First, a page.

Seven-Ups, The

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The Seven-Ups
The sevenups.jpg
Theatrical Release Poster
Country Flag of the United States.jpgUnited States
Directed by Philip D'Antoni
Release Date 1973
Studio 20th Century Fox
Distributor 20th Century Fox
Main Cast
Character Actor
Buddy Roy Scheider
Vito Lucia Tony Lo Bianco
Moon Richard Lynch
Bo Bill Hickman
Barilli Victor Arnold



The Seven-Ups is a 1973 Crime-Drama starring Roy Scheider as the head of a unique unit of the NYPD called the Seven-Ups (Named so because all the criminals they catch get seven years or more in prison). The film is notable as being the only film directed by Philip D'Antoni, producer of Bullitt and The French Connection. Because Scheider played a detective named Buddy in this film as well, many have confused this film as a continuation of The French Connection, which it is not.


The following weapons were used in the film The Seven-Ups:

Contents



Handguns

Smith & Wesson Model 36

Buddy Manucci's (Roy Scheider) main weapon in the film is a 5 shot Smith & Wesson Model 36 revolver. In one scene, he unrealistically fires 8 shots from it. The grips appear to be the Herret Shooting Stars model. Herret was a semi-custom grip maker out of Twin Falls, Idaho for many decades and very popular with knowledgeable shooters.

Smith & Wesson Model 36 - .38 Special
Buddy holding his revolver, while Barilli (Victor Arnold) frisks a garage worker.
Buddy aims his revolver at Max Kalish (Larry Haines).
Another view of the scene.
Buddy holding the Model 36 after firing 8 shots at Moon (Richard Lynch).

Smith & Wesson Model 36 (Nickel)

Another Seven-Up, Barilli (Victor Arnold) keeps a nickel version of the Smith & Wesson Model 36.

Smith and Wesson Model 36 Nickel - .38 Special.
Barilli & Manucci hold their Model 36s while investigating the garage.

Smith & Wesson Model 27

Moon (Richard Lynch), a kidnapper, carries a snub nosed Smith & Wesson Model 27, using it to fatally shoot Carmine Cotello (Lou Polan).

Smith & Wesson Model 27-2 - .357 Magnum
Moon uses an (unloaded) Smith & Wesson to threaten Kalish.
Moon shoots Carmine Cotello.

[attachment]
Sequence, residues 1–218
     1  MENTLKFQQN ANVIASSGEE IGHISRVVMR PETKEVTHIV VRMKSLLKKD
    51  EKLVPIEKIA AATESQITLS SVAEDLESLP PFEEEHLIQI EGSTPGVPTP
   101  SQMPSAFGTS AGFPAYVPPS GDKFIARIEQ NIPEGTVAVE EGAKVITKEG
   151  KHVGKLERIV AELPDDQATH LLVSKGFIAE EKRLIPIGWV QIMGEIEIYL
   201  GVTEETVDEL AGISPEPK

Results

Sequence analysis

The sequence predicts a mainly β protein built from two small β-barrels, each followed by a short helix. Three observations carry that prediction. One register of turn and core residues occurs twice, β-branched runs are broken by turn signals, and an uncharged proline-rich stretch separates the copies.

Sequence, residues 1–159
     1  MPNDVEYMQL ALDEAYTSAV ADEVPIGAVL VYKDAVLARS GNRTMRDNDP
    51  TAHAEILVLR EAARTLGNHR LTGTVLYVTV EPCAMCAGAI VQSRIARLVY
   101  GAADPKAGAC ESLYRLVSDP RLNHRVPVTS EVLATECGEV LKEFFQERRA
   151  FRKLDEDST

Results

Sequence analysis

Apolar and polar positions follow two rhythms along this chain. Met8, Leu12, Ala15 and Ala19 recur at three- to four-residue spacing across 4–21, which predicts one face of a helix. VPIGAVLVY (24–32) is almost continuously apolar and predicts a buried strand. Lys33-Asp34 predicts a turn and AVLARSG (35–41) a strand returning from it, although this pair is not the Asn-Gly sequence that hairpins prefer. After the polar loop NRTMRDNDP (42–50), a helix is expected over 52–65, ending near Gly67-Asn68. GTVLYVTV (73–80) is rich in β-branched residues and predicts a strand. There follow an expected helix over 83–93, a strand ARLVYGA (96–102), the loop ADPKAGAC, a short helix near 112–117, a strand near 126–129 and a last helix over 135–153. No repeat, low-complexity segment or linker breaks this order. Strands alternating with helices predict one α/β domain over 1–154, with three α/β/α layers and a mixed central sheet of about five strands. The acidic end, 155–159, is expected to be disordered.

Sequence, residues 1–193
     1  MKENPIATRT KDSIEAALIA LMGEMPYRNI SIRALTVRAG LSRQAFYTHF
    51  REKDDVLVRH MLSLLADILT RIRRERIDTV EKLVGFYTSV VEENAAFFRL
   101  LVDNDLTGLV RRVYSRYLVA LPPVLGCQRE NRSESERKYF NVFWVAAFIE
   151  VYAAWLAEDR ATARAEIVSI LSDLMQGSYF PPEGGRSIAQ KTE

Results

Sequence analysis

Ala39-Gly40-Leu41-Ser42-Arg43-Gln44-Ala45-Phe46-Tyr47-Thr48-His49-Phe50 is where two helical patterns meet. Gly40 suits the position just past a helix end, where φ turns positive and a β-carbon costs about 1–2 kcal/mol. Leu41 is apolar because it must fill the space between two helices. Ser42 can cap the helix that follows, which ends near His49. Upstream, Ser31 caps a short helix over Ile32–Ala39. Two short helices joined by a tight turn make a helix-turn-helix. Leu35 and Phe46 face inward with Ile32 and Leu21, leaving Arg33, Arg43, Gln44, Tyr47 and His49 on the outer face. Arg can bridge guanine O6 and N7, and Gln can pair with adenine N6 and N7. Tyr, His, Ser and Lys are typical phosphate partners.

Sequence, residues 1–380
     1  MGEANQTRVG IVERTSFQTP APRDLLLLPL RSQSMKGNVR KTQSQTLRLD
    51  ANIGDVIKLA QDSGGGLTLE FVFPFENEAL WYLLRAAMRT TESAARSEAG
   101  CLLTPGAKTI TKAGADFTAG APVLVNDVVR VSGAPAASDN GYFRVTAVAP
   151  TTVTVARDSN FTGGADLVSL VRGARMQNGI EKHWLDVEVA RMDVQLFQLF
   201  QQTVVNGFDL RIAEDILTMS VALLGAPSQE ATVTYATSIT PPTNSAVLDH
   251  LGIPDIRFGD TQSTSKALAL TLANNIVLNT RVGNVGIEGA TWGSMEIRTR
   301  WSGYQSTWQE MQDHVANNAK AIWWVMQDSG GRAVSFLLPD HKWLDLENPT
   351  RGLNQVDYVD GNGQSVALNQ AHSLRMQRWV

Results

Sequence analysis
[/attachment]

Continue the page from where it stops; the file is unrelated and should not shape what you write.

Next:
Sevenups 27 3.jpg

M1911A1

Although the other Seven-Ups use Smith & Wesson Model 36s, Mingo (Jerry Leon) uses a M1911A1 as his sidearm.

Colt 1911A1 - .45 ACP
Mingo's 1911A1 just visible as he and Manucci sneak into Max Kalish's house.

FN Model 1922

A kidnapper is briefly seen inspecting an FN Model 1922 outside Kalish's house.

FN Model 1910 - .32 ACP
Sevenups model1910 1.jpg

Smith & Wesson Escort

Ansell's (Ken Kercheval) sidearm is a nickel plated Smith & Wesson Escort with wood grips.

Smith & Wesson Escort - .22
Close up of Ansell's Escort.

Colt Detective Special

At the end of the movie during a climactic shootout Buddy's (Roy Scheider) Smith & Wesson Model 36 becomes a Colt Detective Special momentarily then changes back.

Colt Detective Special 1st Gen - .38 Special
Buddy (Roy Scheider) advances with a Colt Detective Special. Note the exposed ejector rod.
Buddy (Roy Scheider) is once again equipped with his Smith & Wesson Model 36.


Shotguns

Double Barreled Shotgun (Sawn-Off)

The kidnapper Bo (Bill Hickman), best remembered for being the stunt driver in Bullitt and The French Connection, keeps a Sawn off Double Barreled Shotgun, which he most memorably uses to murder Ansell (Ken Kercheval), a seven-up.

This is the screen used Zabala short barreled shotgun used by Denzel Washington in the film Man on Fire.
Bo draws his shotgun from his coat.
Sevenups shotgun 2.jpg
Bo shoots Ansell.

Double Barreled "Coach" Shotgun

In addition to his Model 36, Barilli (Victor Arnold) keeps a Double Barreled "Coach" Shotgun.

Stoeger/IGA Coach imported side by side shotgun - 12 Gauge
Close up of the shotgun.
Barilli (Victor Arnold) moves out with his shotgun.



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